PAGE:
Police cars were set alight and officers injured during anti-austerity protests in extraordinary scenes that brought carnage to the streets of Frankfurt.
As the bulk of protesters conducted themselves peacefully ahead of a rally in the city's main square to protest to blockade the inauguration ceremony for the European Central Bank's (ECB) new headquarters in the city, riot police confronted others in violent scenes.
Police said one officer was injured by stones thrown near the city's Alte Oper opera house, several private vehicles were burned overnight, and two police cars were set on fire at a police station in the city centre.
Another police vehicle smoldered a block from the ECB.
The fires cause black smoke to billow out across the city, the heart of Germany's finance industry.
Hundreds of officers ringed the ECB headquarters ahead of the inauguration ceremony. Protesters are targeting the ECB because of the bank's role in supervising efforts to restrain spending and reduce debt in financially troubled countries such as Greece.
The Blockupy alliance says activists plan to try to blockade the new headquarters and to disrupt what they term capitalist business as usual.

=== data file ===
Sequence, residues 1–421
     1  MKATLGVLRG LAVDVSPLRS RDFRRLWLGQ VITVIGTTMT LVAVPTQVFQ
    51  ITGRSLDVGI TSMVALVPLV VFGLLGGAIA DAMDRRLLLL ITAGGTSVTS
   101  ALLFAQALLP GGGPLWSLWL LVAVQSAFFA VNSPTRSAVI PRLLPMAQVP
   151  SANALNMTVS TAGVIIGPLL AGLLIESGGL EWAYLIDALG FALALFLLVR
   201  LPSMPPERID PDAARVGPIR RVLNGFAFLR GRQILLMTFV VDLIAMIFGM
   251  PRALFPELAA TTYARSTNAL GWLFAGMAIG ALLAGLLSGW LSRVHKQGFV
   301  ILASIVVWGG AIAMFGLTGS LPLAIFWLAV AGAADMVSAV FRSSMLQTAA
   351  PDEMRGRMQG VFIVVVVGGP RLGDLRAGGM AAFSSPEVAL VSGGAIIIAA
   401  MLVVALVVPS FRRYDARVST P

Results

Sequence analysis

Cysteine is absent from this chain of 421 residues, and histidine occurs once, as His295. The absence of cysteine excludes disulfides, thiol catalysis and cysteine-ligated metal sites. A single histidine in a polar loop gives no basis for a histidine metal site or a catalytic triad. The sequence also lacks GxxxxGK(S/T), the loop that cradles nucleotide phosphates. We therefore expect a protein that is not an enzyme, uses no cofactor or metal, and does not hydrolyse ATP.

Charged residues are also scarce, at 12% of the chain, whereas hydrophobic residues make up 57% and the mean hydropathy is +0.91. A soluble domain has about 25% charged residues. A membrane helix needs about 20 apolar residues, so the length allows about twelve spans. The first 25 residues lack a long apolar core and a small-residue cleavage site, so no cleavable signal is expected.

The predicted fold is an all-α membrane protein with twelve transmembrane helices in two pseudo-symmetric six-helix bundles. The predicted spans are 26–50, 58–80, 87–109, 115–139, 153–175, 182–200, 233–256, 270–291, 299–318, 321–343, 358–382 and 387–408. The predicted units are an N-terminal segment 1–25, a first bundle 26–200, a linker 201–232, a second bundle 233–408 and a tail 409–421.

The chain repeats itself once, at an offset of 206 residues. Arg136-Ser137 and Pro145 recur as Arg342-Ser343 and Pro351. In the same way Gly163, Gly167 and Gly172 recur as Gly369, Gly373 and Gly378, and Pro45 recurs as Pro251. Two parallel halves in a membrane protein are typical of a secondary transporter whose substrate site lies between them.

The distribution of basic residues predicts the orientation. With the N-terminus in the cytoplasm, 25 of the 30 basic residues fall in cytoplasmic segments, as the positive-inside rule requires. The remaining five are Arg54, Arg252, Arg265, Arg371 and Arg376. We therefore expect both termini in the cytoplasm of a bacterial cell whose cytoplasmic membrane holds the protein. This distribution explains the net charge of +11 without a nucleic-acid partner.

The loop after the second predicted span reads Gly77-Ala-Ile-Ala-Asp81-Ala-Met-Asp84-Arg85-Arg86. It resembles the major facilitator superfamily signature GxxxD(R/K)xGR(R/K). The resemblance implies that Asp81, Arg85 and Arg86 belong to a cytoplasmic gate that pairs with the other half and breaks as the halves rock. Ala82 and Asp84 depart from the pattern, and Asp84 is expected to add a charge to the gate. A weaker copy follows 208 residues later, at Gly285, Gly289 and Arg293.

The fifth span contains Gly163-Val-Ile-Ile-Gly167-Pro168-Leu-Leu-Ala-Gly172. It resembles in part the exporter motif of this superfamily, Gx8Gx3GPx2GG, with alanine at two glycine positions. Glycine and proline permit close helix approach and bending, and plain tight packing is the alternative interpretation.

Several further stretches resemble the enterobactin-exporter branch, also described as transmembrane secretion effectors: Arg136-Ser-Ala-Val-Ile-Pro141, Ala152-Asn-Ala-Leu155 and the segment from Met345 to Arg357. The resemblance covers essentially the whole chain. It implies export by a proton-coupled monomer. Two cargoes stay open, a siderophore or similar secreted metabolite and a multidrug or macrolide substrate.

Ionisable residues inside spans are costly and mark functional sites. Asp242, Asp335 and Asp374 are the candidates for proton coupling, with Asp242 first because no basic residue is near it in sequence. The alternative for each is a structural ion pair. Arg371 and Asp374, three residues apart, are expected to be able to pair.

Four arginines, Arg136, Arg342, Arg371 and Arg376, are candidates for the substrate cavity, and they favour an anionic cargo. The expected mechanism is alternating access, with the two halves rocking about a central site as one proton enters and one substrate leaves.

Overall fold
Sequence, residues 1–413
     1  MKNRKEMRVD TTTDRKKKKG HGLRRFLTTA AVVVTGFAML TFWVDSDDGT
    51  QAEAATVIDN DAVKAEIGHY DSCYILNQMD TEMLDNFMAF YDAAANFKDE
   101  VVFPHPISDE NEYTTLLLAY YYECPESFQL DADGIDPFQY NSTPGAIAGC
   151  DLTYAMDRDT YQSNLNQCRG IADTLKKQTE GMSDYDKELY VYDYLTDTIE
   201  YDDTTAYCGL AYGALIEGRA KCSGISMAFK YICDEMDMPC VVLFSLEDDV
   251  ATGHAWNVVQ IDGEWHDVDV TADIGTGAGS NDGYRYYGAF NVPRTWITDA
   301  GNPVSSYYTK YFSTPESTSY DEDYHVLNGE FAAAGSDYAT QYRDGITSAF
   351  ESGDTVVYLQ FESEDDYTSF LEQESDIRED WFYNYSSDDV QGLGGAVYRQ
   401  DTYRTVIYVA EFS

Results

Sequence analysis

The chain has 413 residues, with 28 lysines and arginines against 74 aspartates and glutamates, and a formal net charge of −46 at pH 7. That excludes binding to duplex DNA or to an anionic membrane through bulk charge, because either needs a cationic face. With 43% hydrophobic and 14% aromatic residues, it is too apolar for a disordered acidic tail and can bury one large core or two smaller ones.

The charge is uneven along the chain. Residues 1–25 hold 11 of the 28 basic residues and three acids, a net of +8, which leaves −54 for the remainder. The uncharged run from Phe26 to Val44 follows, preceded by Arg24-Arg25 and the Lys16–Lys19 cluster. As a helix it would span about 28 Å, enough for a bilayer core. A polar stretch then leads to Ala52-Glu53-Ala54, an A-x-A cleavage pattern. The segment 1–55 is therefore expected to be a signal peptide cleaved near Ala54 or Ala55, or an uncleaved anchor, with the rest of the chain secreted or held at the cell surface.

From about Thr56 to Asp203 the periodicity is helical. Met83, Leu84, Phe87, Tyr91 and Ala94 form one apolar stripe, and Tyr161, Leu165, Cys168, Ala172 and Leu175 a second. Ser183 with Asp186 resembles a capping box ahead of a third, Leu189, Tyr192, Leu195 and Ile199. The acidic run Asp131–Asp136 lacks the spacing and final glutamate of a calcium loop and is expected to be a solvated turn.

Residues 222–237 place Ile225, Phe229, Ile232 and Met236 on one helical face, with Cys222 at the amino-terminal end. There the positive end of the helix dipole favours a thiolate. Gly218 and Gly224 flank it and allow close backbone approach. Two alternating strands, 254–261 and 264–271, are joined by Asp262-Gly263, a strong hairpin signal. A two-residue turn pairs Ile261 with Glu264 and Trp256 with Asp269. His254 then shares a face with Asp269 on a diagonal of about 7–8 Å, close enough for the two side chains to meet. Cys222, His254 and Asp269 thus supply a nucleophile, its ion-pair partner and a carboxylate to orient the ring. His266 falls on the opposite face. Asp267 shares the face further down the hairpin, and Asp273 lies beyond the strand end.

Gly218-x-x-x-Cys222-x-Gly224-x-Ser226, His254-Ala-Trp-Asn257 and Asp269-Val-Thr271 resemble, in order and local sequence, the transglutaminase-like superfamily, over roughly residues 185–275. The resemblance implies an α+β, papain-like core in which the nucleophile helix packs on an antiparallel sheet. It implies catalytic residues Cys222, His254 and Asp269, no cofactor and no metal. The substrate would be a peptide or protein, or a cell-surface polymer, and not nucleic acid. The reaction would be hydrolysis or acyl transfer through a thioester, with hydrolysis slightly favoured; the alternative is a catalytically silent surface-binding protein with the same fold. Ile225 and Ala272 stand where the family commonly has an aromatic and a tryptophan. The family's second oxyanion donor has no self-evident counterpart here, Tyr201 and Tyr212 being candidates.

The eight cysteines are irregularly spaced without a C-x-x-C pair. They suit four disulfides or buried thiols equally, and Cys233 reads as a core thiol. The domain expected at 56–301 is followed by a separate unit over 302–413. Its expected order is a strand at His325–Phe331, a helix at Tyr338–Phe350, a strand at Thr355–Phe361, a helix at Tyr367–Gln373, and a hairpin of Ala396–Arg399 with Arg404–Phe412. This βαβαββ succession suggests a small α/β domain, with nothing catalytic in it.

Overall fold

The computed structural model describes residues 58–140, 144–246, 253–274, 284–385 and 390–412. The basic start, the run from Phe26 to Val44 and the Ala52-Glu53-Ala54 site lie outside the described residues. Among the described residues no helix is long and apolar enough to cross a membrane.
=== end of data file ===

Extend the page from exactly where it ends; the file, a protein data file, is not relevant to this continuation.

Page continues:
Some 10,000 people were expected for a rally in Frankfurt's main square, the Roemerberg. Organisers have chartered a special train bringing demonstrators from Berlin and are busing in others from around Germany and other European countries.
The ECB, along with the European Commission and International Monetary Fund, is part of the so-called "troika" that monitors compliance with the conditions of bailout loans for Greece and other financially troubled countries in Europe.
Those conditions include spending cuts and reducing deficits, moves that are aimed at reducing debt but have also been blamed for high unemployment and slow growth.
ECB President Mario Draghi has called for more spending by governments that are in good financial shape, such as Germany — a call that has been mostly ignored by elected officials.
The ECB said it planned to be "fully operational" during the protest, although some employees may work from home.